A search is under way in South Korea for five rescue workers swept over a dam when their boats overturned in surging floodwaters, while President Moon Jae-is concerned about North Korea releasing excess water without notification.

Parts of South Korea have seen 44 consecutive days of rain, the longest monsoon since 2013, and continued showers across the Korean peninsula are threatening to bring new floods and landslides.

In a visit to one of the hardest-hit areas, near the border with North Korea, Mr Moon expressed regret about a North Korean move earlier in the week to suddenly release excess water from a dam without notifying the south.

While no specific damage from the release was reported and it was unrelated to the rescue accident, Mr Moon said the unexpected rush of water had made it more difficult for South Korean authorities to manage already swollen rivers.

Heavy rain has also fallen in North Korea and state media published pictures of flooded streets but did not give any detail of damage or casualties.

The government in North Korea had issued a flood alert for areas near some its biggest rivers and lakes, the Rodong Sinmun newspaper reported.

South Korean Prime Minister Chung Sye-kyun, meanwhile, visited a river near the city of Chuncheon, to the north-east of Seoul, where more than 800 police and fire officials using seven helicopters and 69 boats were searching for the missing rescue workers.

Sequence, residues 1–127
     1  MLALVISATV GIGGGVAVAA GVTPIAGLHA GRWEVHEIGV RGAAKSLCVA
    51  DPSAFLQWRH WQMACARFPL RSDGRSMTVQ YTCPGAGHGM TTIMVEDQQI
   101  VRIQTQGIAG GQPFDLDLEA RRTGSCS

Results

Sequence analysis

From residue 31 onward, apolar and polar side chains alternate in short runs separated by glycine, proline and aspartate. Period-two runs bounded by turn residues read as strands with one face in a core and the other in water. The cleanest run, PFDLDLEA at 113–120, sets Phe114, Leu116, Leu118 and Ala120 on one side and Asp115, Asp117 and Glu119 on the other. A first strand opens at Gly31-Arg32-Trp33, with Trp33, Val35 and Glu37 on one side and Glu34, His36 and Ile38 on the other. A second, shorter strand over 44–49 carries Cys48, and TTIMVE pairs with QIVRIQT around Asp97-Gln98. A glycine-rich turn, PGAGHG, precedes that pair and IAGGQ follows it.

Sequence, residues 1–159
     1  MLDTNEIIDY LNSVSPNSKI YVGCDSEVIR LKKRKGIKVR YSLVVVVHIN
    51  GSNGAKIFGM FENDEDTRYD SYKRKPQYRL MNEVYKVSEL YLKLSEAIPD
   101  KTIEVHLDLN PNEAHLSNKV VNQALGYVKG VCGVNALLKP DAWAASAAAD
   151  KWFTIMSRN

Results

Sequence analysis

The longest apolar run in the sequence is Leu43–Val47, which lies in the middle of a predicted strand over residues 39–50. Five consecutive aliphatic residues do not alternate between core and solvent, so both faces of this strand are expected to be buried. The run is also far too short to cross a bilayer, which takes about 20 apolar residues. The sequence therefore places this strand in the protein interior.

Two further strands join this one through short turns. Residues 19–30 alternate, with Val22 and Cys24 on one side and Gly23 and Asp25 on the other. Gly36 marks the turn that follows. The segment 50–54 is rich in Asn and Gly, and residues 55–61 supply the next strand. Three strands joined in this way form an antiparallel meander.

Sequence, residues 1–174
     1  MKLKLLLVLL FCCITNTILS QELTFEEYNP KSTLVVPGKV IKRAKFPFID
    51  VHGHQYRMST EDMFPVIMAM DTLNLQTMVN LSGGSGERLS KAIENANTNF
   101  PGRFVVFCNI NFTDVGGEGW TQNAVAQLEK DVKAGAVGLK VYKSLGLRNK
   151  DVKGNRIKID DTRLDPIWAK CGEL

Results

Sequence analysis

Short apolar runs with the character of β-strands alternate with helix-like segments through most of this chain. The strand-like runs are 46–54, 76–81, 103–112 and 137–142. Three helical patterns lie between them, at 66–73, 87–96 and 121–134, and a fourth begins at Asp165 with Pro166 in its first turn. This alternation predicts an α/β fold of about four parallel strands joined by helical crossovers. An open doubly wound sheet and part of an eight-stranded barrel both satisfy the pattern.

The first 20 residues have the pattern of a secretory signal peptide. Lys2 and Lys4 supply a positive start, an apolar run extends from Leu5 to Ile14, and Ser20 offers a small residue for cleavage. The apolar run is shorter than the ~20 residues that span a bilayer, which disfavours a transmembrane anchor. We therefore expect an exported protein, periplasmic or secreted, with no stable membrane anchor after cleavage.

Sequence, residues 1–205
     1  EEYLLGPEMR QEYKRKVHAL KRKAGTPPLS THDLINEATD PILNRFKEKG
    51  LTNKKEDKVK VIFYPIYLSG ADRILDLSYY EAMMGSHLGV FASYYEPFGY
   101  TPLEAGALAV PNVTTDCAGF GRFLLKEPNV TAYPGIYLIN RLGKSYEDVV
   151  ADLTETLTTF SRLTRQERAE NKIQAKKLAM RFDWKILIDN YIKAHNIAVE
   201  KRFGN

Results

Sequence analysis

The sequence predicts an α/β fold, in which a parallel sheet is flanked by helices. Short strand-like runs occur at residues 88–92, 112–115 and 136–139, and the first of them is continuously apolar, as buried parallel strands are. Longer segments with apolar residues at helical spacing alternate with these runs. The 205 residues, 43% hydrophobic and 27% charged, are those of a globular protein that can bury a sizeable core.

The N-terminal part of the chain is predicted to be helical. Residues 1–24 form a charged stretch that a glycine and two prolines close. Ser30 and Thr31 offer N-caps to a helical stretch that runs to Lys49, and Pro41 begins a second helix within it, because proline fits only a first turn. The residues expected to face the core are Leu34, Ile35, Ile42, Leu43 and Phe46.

Two rescue boats were trying to free a police boat stuck in wire by a dam near Chuncheon when they overturned, Yonhap news agency reported.

One man was rescued at the scene but seven others were swept over the dam’s floodgates.

One of the seven, a 68-year-old man, was found near the dam suffering from cardiac arrest but was recovering.

Another, also 68, was recovered dead about 20 kilometres downstream, Yonhap reported.

Elsewhere in South Korea, at least 16 people have been killed and 11 are missing, with more than 1600 people displaced over recent days.


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